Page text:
Jerusalem Film Festival 2017: Awards

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Scaffolding/Photo: Vered Adir

Scaffolding by Matan Yair, won the Robert Nissim Haggiag award for best Israeli Feature Film, as well as Best Actor for Asher Lax, and an honorable mention for Bartosz Bieniek  for Best Cinematography.  The film is inspired by Yair’s personal experiences, teaching literature in high school to students from predominantly working-class backgrounds. Addressing the audience at the film’s premiere in Jerusalem, Yair spoke of his hope that literature would inspire his students, and his fear that these high school years would be the last time they picked up a book or read a poem.

Scaffolding focuses on Asher Lax, a student just on the brink of graduating, about to take the matriculation exams that are the prerequisite for receiving a high school diploma in Israel. After school, he works in his father’s construction company, and that is where, with or without a high school diploma, his future lies. This film is a healing balm, an inspiration, a warning, and a reminder for all teachers who have ever wondered whether they are getting through to their students, is anyone listening, and will anyone remember any part of what has been said in the classroom? Into Asher’s life comes Rami (Ami Smolartchik), a teacher who not only cares, but strives to be honest with his students. Rami represents a perspective on life that is different from anything Asher has ever encountered. Asher is torn between trying to fulfill the expectations and demands of his father Milo (Jacob Cohen), the only role model he has known, and his curiosity about another way of life, one in which it is possible to ask questions, to think for oneself. Marked by excellent performances (the students in the film are all portrayed by non-actors), Scaffolding depicts classroom life, and the experiences of students from working class homes with honesty, a gaze that is neither demonizing nor over-sentimental.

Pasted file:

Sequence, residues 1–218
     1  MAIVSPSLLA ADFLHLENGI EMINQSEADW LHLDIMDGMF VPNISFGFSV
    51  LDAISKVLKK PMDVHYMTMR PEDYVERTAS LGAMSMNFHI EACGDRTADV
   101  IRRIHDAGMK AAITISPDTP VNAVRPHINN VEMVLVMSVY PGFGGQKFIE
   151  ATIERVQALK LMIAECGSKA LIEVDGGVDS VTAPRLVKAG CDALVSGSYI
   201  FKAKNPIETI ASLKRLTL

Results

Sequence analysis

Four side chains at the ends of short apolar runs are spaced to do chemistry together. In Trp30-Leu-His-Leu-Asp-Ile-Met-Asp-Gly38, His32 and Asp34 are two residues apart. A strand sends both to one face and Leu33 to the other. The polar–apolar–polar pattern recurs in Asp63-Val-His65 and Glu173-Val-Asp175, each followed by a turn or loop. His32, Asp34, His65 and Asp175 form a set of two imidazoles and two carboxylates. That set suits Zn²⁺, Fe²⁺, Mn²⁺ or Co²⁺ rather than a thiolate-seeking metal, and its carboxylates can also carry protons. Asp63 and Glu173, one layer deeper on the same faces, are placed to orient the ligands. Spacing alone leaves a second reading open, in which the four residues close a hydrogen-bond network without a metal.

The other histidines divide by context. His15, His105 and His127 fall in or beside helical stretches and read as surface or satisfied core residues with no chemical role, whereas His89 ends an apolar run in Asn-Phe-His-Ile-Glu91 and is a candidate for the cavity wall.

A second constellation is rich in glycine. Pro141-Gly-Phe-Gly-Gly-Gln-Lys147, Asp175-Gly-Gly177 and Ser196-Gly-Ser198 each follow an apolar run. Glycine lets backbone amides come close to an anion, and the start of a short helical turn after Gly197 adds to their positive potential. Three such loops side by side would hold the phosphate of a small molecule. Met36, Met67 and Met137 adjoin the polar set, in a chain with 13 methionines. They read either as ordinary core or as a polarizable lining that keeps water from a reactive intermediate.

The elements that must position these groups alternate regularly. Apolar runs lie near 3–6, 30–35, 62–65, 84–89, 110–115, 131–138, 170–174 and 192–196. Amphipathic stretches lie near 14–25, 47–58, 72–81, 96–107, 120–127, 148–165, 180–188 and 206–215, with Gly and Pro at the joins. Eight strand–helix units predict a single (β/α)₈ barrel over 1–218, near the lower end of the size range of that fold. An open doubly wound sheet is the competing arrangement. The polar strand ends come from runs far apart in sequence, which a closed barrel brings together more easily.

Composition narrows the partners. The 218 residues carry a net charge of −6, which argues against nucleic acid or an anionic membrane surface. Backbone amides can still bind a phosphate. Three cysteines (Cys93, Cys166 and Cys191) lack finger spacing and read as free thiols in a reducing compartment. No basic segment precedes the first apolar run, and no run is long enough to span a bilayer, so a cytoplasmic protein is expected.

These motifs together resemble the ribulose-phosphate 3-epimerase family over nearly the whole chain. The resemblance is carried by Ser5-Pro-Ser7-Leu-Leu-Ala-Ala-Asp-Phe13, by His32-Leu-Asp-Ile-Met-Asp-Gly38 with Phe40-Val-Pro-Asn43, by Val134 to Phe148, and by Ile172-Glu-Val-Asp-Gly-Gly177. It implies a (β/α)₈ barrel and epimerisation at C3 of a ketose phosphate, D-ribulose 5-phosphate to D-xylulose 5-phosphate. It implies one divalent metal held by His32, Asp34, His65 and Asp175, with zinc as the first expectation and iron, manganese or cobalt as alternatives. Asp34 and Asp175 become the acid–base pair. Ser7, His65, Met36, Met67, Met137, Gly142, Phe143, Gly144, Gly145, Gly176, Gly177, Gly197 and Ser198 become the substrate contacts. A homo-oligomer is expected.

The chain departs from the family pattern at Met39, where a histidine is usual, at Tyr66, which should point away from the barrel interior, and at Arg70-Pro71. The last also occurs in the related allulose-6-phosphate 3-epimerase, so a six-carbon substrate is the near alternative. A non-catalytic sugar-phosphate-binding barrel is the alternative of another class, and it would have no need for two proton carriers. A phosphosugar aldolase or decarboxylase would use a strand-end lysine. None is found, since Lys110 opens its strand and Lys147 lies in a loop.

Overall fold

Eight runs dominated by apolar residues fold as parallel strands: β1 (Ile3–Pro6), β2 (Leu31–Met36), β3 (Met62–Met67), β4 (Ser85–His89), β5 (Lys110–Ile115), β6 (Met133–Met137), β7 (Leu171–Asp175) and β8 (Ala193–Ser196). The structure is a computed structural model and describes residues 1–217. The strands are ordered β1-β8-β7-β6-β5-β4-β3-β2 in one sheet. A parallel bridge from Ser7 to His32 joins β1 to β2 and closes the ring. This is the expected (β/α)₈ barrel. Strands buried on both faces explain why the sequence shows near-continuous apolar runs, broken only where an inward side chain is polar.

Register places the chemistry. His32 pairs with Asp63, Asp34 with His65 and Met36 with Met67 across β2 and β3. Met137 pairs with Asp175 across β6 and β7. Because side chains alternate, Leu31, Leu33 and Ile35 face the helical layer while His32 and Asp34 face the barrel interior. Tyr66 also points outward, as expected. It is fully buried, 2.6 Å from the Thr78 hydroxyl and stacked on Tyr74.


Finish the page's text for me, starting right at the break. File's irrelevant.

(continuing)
Scaffolding is produced by Gal Greenspan, Roi Kurland, Stanisław Dziedzic, Moshe Edery, and Leon Edery, and held its world premiere in Cannes’ ACID Selection.  The jury members were: ELLE producer Saïd Ben Saïd, Yael Bartana, Agnès Godard and Cíntia Gíl. Their statement on awarding Best Feature to Scaffolding: “For a film that combines the reality of a group of teenagers and the will of questioning cinema and the role of filmmaking. For its capacity of capturing the tenderness sometimes behind these kids’ violence, their capacity for love, their surprising imagination, in a society that places them in a marginal role forever.”

The full list of Jerusalem Film Festival 2017 Awards:

International Competition

The Wilf Family Foundation Award, in the sum of 20,000 USD: On the Beach at Night Alone by Hong Sang-soo; Jury Motivation: “Using the simplest of cinematic tools, Hong Sang-soo creates a mysterious magic, rooted in the heart of daily life. Love, hatred, affection, rage, sexuality, loneliness and deep pain are reflected in the face and body of a young woman, the main character, one of the deepest descriptions of a human being we’ve seen in cinema in recent years.”

Honorary Mentions: Western by Valeska Grisebach; A Man of Integrity by Mohammad Rasoulof

International First Features Competition

The FIPRESCI Award for Best International First Feature: Tehran Taboo by Ali Soozandeh; Jury Motivation: “Tehran Taboo is an important film while still remaining entertaining. It brings us into a corrupt and unequal society, and gives every character a chance to exist without judgement and in an uplifting tone.”